The land rights of the indigenous people of Ethiopia are somewhat ambiguous. As a legacy of the socialist dictatorship of the 1970s and 1980s, the government technically owns all land. However, there is protection in law for indigenous people. Article 40/3 of the Ethiopian constitution states: “Land is a common property of the nations, nationalities and peoples of Ethiopia and shall not be subject to sale or to other means of exchange.” Paragraph 4 of the same article of the constitution says that “Ethiopian peasants have the right to obtain land without payment and the protection against eviction from their possession”. In regard to pastoralists affected by the land sell off, Paragraph 5 says that “Ethiopian pastoralists have the right to free land for grazing and cultivation as well as the right not to be displaced from their own lands”.

The UN Declaration on the Rights of Indigenous Peoples, which Ethiopia signed in 2007, states (Article 26/1): “Indigenous peoples have the right to the lands, territories and resources which they have traditionally owned, occupied or otherwise used or acquired.” Paragraph 2 states: ”Indigenous peoples have the right to own, use, develop and control the lands, territories and resources that they possess by reason of traditional ownership or other traditional occupation or use, as well as those which they have otherwise acquired.”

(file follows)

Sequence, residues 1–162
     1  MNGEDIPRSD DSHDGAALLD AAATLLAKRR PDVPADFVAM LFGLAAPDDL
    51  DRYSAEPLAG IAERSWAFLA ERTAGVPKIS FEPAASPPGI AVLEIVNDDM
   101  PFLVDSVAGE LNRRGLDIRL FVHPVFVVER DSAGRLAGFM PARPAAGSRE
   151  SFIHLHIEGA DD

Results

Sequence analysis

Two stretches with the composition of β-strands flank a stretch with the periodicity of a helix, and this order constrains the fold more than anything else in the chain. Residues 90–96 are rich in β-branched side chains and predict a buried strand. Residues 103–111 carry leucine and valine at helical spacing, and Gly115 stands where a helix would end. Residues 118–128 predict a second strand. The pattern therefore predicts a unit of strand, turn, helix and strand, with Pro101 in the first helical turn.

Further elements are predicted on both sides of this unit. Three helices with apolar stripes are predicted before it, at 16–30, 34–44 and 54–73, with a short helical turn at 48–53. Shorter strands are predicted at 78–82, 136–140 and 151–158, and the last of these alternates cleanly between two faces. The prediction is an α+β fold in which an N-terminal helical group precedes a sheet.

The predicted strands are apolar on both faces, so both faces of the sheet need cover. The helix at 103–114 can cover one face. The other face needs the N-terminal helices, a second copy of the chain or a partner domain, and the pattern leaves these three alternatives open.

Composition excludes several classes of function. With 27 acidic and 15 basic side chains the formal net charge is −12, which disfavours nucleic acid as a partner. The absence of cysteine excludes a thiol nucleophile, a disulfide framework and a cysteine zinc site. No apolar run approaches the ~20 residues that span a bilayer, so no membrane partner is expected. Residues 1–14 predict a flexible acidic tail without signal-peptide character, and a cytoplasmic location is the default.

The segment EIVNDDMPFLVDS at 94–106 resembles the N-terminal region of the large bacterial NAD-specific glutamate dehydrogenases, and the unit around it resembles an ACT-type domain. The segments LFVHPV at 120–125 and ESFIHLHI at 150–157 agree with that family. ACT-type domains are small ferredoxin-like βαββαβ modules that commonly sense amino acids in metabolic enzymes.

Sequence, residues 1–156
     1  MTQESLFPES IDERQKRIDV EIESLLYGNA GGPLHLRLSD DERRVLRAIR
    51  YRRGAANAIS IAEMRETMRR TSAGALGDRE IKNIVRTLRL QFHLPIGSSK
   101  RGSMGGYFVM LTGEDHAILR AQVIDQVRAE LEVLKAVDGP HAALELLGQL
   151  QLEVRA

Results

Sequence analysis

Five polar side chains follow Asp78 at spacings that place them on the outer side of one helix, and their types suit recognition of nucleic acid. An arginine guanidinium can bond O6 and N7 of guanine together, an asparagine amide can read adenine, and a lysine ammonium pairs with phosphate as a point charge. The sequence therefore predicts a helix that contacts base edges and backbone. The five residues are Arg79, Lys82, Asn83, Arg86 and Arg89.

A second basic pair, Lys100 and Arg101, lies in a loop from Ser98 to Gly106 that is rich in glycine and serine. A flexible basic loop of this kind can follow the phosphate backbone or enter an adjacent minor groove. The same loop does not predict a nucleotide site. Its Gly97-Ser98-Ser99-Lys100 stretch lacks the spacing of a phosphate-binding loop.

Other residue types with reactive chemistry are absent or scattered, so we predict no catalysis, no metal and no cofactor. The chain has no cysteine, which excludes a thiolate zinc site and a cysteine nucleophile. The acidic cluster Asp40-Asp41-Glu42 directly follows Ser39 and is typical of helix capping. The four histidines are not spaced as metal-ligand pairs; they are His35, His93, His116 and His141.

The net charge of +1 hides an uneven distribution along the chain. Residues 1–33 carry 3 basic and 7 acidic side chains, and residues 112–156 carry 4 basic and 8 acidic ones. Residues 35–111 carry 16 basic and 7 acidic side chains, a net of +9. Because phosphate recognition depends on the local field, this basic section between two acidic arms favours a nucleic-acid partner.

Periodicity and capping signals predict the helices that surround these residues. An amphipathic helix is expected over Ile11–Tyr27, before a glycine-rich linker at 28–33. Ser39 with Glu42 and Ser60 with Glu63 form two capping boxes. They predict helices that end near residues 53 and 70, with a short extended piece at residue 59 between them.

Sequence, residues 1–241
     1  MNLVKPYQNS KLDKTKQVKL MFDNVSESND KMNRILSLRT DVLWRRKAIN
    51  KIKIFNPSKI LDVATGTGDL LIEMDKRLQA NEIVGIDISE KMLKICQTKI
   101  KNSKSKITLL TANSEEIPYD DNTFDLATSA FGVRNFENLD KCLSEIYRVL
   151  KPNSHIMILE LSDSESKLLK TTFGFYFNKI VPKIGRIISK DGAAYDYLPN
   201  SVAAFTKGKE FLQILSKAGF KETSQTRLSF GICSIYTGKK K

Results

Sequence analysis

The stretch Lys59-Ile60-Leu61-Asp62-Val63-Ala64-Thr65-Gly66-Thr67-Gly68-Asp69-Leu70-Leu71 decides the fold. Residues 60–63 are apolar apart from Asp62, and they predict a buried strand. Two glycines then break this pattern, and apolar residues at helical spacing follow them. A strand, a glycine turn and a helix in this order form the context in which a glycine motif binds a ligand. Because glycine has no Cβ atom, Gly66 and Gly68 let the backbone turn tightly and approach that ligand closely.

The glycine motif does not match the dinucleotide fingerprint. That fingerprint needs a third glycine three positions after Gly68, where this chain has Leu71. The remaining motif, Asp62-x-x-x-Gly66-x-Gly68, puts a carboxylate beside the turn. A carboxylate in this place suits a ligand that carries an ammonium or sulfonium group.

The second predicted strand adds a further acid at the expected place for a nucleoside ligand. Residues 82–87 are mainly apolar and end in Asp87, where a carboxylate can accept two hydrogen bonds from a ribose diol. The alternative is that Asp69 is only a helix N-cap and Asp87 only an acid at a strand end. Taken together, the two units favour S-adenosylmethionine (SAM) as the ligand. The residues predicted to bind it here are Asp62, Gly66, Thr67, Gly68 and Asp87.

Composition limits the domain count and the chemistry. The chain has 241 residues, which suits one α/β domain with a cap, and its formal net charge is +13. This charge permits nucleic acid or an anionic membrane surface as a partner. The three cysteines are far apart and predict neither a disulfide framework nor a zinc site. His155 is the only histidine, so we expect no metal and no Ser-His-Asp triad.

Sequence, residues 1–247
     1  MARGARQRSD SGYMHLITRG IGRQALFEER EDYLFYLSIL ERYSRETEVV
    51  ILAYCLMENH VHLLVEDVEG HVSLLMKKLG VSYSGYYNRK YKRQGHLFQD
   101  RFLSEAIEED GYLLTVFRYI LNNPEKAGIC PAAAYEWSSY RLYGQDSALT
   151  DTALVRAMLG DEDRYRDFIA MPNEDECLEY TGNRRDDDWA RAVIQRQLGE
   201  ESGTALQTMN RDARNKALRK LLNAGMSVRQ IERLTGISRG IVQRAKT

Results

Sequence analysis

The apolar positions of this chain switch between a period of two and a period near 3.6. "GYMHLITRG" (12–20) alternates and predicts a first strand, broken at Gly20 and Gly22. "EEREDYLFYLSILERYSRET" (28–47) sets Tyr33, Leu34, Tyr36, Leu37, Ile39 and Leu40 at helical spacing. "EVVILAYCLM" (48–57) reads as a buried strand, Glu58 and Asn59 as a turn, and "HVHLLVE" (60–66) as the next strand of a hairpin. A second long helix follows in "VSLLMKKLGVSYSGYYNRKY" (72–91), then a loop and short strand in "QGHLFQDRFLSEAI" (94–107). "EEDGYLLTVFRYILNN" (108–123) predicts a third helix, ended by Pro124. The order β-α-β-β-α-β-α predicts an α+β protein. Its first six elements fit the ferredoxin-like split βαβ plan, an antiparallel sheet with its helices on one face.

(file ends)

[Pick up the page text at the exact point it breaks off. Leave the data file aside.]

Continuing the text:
The declaration also outlines compensation measures for landowners. Article 28/1 states:

Indigenous peoples have the right to redress, by means that can include restitution or, when this is not possible, just, fair and equitable compensation, for the lands, territories and resources which they have traditionally owned or otherwise occupied or used, and which have been confiscated, taken, occupied, used or damaged without their free, prior and informed consent.

Paragraph 2 of the same article says: “Unless otherwise freely agreed upon by the peoples concerned, compensation shall take the form of lands, territories and resources equal in quality, size and legal status or of monetary compensation or other appropriate redress.”
The law, it would appear, is clear. But what is needed is for the international community, in particular the donor countries, to demand that the ruling Ethiopian People’s Democratic Revolutionary Front (EPRDF) implement and respect it.

Land and people